Zig Ziglar was the bestselling author of a number of great books on success and sales. He has been featured on numerous TV shows and was a gifted public speaker. He was both informative and inspirational.

In Top Performance, published in1986, Ziglar combines the things he had learned in decades of work in the business world to provide a blueprint for just what the title suggests – top performance. It is about getting the most out of yourself and others in your organization. It is about optimum performance.

The book is divided into three parts: The Art of Top Performance, The Science of Top Performance and Motivating Top Performance.

The entire book is largely based on Ziglar’s key axiom, “You can have everything in life you want if you will just help enough other people get what they want”. This approach began as his sales theory. Selling things to people is difficult at best. But helping people is much easier and they are much more receptive to being helped. In fact they will more often willingly pay for being helped.

The first part of the book concentrates on the focus of emotional thoughts to enable one to perform at one’s best. It is about your personal choice to be a top performer, causing others to want your leadership, expecting the best and thereby inspiring the best, looking for the good and finding it, etc.

The second part is about the importance of effective communications, how to build genuine morale and positive contributions, rewarding and motivating others, and other management gems.

The third section concentrates on Ziglar’s unique approach to motivating people through education and the key to action as the source of performance measurement.

For each section he develops a simple formula that is easy to remember and keys one in to the more detailed information set out in each chapter. At the end of the chapters he wraps up with a list of key principles which summarize what you should learn from the chapter.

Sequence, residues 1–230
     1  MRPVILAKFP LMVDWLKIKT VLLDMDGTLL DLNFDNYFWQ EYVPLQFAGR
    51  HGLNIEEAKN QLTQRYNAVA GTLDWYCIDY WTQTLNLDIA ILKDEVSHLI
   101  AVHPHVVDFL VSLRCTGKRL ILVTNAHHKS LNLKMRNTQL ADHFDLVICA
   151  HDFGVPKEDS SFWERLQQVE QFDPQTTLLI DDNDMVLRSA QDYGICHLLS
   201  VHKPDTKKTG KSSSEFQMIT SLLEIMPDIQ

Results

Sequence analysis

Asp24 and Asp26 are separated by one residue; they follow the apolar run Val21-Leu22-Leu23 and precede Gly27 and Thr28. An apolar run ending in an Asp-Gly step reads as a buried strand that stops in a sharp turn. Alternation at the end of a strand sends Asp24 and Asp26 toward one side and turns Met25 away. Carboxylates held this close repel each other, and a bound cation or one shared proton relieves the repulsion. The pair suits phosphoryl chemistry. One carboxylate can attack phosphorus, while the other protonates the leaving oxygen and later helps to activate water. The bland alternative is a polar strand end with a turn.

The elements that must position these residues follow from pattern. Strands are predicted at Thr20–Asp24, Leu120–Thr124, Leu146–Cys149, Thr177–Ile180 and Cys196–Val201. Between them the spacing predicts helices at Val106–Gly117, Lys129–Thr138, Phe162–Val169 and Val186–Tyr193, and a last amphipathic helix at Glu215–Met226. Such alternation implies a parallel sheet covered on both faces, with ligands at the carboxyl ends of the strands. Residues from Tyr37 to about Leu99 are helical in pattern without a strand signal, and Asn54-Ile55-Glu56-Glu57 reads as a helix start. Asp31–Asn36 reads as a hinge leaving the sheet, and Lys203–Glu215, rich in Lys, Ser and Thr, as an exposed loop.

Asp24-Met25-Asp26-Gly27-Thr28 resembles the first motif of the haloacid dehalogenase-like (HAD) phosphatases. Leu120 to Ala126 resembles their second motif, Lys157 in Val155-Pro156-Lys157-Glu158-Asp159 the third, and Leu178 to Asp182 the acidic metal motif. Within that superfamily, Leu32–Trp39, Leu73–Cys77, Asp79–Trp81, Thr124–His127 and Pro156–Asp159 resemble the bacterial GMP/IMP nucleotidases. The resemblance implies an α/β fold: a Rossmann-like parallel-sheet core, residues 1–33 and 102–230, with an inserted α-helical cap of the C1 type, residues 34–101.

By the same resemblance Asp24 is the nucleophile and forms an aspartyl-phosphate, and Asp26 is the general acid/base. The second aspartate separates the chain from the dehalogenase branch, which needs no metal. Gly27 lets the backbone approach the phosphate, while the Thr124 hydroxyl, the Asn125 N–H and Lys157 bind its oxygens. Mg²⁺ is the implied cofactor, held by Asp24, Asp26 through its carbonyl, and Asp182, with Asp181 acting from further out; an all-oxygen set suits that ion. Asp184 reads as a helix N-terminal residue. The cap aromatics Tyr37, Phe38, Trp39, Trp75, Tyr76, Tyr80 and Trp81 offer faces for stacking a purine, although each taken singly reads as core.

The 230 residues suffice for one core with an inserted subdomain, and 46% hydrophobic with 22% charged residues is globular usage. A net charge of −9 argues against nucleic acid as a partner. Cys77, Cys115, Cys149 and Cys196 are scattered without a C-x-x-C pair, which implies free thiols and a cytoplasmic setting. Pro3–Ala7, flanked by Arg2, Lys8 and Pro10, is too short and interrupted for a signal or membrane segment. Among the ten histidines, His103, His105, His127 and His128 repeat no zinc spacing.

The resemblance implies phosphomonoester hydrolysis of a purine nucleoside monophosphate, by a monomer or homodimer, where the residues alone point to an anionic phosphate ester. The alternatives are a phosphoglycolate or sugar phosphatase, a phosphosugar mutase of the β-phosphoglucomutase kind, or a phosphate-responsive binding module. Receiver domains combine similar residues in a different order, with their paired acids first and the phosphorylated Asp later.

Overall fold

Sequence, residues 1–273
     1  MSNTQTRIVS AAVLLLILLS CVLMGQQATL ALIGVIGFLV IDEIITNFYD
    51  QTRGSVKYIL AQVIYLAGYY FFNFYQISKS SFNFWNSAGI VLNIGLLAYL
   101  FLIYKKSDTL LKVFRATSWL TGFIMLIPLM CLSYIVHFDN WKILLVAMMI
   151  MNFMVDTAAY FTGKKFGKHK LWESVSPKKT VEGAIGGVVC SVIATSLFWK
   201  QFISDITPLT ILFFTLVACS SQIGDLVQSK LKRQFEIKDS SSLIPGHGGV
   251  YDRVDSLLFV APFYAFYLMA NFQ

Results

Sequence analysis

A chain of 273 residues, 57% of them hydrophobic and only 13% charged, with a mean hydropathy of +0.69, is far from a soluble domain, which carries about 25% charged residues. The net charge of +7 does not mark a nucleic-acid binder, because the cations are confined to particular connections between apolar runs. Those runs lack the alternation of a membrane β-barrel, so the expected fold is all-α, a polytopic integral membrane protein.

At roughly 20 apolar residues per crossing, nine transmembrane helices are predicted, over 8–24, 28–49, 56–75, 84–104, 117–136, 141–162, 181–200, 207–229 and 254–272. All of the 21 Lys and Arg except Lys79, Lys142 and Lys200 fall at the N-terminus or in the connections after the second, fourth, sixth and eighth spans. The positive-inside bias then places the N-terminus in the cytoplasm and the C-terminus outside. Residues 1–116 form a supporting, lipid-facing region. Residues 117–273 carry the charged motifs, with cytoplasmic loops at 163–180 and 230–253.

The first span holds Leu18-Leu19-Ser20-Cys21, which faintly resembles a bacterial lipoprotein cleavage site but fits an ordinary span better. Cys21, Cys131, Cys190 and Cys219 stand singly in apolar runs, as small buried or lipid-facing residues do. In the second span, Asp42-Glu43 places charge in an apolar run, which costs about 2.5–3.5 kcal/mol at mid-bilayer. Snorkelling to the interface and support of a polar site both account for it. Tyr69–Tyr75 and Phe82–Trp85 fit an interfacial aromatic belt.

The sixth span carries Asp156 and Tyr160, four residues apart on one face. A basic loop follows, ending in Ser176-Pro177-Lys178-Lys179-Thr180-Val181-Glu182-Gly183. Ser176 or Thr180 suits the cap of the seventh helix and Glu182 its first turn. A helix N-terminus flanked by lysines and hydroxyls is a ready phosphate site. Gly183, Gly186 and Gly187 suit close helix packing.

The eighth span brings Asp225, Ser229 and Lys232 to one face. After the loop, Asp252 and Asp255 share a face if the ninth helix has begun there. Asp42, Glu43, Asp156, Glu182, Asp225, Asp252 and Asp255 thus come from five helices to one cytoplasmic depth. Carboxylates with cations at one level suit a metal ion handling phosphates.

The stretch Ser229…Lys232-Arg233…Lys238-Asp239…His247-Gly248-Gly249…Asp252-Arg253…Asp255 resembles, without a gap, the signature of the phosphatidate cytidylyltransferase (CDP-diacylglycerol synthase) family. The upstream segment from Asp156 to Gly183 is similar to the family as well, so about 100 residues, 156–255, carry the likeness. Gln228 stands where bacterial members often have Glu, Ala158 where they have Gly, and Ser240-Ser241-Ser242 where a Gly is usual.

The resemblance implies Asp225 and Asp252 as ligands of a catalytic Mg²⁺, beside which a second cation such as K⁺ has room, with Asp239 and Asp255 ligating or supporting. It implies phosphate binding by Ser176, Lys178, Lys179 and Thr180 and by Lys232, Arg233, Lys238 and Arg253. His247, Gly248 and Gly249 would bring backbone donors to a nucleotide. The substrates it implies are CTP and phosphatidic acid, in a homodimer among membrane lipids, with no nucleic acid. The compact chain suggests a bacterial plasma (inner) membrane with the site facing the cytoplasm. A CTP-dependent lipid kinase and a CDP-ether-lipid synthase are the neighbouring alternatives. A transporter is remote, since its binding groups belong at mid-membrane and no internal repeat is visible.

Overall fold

This approach is easy to read, easy to understand and remember. It is a great study aid. For those of you who are wise enough to return to good books and study them further than the first read, this books I organized in a way that promotes that kind of study.

Top Performance is full of anecdotal examples to illustrate the basic principles he introduces you to. It is full of great quotes from many famous and not so famous sources. It is full of tools, like the Seven Step Goal Setting Formula on page 154. It is full of these gems that warrant a second and third review.

Anyone serious about building a library of truly good classic books on success and personal development should have a copy of Top Performance on their shelf. You can get them in paperback and used for a very modest price.

About the Author:

Zig Ziglar, 1926-2012, was an accomplished salesman, businessman, trainer, writer and public speaker.

Rating:

Over all this is a very good book and very useful. I recommend it.

©1986 by Zig Ziglar

Berkley Publishing Group (Penguin)

This review originally published in October 2014.

Buy the book here:

Wishing you well,

Daniel R. Murphy
Educating people for building wealth, adapting to a changing future and personal development.
www.danielrmurphy.com
www.books2wealth.com

Rewire: Change Your Brain by Richard O’Connor, PhD

A book review by Daniel R. Murphy

Title and Author: Rewire: Change Your Brain by Richard O’Connor, PhD

Originally published: September 2014.

Synopsis of Content:

This book is an exploration of self-defeating behaviors and how to overcome them. These behaviors include procrastination, overeating, chronic disorganization, staying in bad situations, excessive worrying, risk taking, passive aggression and self-medication and many more.

The author draws on psychology and brain science to understand why we engage in self-defeating behaviors and how to overcome them through a better understanding of how our brains are “wired” and how we can “re-wire” them.  He calls our propensities to engage in these behaviors our “undertow”.